Riding the Range
By: Ken Cable
Ken Cable knows about horses. He also knows what it takes for young boys to become men. And when he writes about both, it’s entertaining and motivational. The author has written three books aimed at young people, but they’re also a great nostalgic read for adults. LOST! Track of the Hunter and White Shadow are available at: www.amazon.com.
EXCERPTS FROM WHITE SHADOW
It was only 9 o’clock in the morning, but it was already hot. The locomotive hissed slowly along the spur, then squealed to a stop in a rush of steam as the third stock car drew even with the horse auction corrals.
Sixteen-year-old Jeff Martin was standing near the rail spur in the shade of a straggly sycamore tree. He could hear the horses in the rail car stamping their feet and whinnying in fright. A four-man crew emerged from the stockyard dragging portable fencing into place next to the boxcar. When a train crewman slid open the freight door, the horses surged out of the car, jumping to the ground and milling around in the makeshift pen next to the horse auction pavilion.
After the last horse was unloaded, three crewmen from the train climbed into the car and dragged a downed pony to the door and dropped him out on to the ground where he lay like a white shadow at the feet of his milling cousins. Wranglers came and herded the horses into the auction corrals.
Sometime later they came back and hauled away the temporary fences leaving the fallen pony lying on the ground. Small dust devils pushing up from his nostrils as he lay in the dirt told Jeff the pony was still alive.
At 16, Jeff was big for his age, strong and agile – a standout on his high school basketball team. His grades were average except for an elective he was taking in animal husbandry where he excelled. Horses were his passion. He never had one, but it was his dream to someday own a ranch and raise horses.
When he was 12 years old, Jeff had started spending his weekends hanging around the River Front Riding Stables down by the Rio Hondo River. Two years later, he was hired by the stable owner to feed, groom and saddle twenty rental horses each Saturday and Sunday morning during the summer. His weekend workdays started at 5:30 a.m. when he and two other hands mucked out stalls in the barn.
The owner kept three horses out of the rental pool for his own use and for his wranglers. Jeff picked one of these horses and rode out on the river-bottom trails each weekend to keep track of the riders and prevent abuse of the rented animals. With summer coming on and the kids out of school, riders would keep the rental horses busy all day.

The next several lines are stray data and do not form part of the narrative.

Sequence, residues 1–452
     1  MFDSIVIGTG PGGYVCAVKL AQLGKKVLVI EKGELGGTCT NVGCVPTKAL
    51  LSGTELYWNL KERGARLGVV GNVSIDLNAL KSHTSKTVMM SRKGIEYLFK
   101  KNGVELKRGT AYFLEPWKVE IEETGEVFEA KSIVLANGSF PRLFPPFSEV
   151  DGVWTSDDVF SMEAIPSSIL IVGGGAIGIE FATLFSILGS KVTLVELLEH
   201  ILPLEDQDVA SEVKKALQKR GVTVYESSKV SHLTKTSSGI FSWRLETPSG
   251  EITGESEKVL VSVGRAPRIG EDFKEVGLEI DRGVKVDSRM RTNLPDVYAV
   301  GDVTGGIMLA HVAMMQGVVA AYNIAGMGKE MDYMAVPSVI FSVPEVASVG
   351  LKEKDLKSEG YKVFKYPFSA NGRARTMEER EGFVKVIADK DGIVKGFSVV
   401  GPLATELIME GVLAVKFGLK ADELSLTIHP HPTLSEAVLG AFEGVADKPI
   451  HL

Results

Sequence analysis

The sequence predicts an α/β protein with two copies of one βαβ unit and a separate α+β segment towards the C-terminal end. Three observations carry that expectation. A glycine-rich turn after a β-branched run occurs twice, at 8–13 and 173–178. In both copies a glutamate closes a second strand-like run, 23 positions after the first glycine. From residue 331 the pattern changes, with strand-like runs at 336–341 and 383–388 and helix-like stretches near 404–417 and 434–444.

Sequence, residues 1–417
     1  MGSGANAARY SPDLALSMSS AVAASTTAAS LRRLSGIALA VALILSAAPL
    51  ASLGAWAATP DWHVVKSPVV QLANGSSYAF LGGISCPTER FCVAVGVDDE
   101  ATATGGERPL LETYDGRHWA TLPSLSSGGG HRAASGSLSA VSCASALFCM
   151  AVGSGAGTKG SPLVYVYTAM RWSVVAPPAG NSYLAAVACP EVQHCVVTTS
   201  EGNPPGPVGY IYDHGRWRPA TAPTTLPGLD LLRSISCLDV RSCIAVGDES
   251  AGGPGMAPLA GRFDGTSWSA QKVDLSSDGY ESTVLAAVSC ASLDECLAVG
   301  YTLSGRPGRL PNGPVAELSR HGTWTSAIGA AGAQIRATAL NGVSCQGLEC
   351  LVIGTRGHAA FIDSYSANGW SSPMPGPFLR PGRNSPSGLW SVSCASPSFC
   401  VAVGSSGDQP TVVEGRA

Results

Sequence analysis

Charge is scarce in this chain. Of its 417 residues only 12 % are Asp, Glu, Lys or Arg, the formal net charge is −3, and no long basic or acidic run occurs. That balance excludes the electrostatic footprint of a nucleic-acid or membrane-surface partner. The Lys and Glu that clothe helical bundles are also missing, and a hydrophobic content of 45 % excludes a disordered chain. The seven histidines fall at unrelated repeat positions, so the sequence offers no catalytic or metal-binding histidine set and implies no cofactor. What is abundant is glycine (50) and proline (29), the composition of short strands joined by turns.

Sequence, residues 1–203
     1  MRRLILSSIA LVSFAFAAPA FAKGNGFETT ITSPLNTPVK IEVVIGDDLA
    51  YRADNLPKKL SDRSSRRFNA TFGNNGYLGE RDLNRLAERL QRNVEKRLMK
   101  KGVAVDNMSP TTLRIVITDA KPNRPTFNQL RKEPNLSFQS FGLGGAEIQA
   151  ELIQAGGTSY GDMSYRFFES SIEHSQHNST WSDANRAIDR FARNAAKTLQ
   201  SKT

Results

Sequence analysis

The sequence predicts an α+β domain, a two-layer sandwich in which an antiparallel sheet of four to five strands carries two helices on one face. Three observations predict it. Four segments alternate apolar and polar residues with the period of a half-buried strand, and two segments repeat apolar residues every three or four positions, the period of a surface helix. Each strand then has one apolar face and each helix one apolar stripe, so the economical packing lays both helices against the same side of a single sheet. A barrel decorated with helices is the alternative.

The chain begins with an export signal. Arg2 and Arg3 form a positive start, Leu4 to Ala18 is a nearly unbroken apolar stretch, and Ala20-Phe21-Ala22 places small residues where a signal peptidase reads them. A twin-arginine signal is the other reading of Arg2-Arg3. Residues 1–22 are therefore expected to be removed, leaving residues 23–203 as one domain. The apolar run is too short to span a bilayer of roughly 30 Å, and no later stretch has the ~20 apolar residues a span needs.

Just a few miles upriver from where the Martins lived, a thin strip of county land near the small town of Vernon was home to a large horse and mule auction that was held each Saturday. Jeff was about 12 years old when his dad first let him walk with his friends to watch the stock handlers parade dozens of horses and mules through the sales ring. The animals came to the auction from local stables and from ranches all over the Southwest.
The auctioneer’s rapid cadence lent an air of excitement to the auction. On special sale days, buyers sat in the stands lifting their paddles or touching the brims of their western hats to signal their bids. When no more paddles were raised, or hat brims touched, the auctioneer would shout, “Sold to…” and name the buyer or the ranch that had bought the animal. That horse or mule would be driven out of the ring and a new one with a number pasted to its rump would be run in. One of the stock boys would touch the animal with a long buggy whip to make it trot around the ring as the auctioneer called for bids in his sing-song patter. The auction was always an exciting event for Jeff, and it seemed a good place for him to be on this lonely day.
As the young man watched the stock being unloaded, he was startled when he saw the white pony dropped to the ground by the stock handlers.
Jeff’s determination to save the pony came upon him suddenly. He quickly walked over and crouched by the inert animal. He could immediately see that its breathing was shallow and it was suffering from the heat. He had to get it out of the sun. He had no idea how to do that, but looking around he saw an abandoned eight-foot wooden gate leaning against the fence by the pavilion. Jeff dragged the gate next to the pony intending to somehow roll him onto it and pull the suffering animal into the shade of the tree near the rail spur.
The three crewmen who had pushed the pony out of the rail car were sitting in the door watching Jeff struggle with the gate. After a few minutes, and without a word, they jumped down from the car and walked over to the animal, grabbed its legs and tipped it onto the gate. One of the men walked back to the railcar, reached inside and brought out two lead ropes. They tied the ropes to the gate and started pulling the pony toward the shade of the Sycamore tree. Once under the tree, they rolled the pony off and set the gate aside. Jeff thanked them as they walked away.
“Good luck kid,” one of the men called back.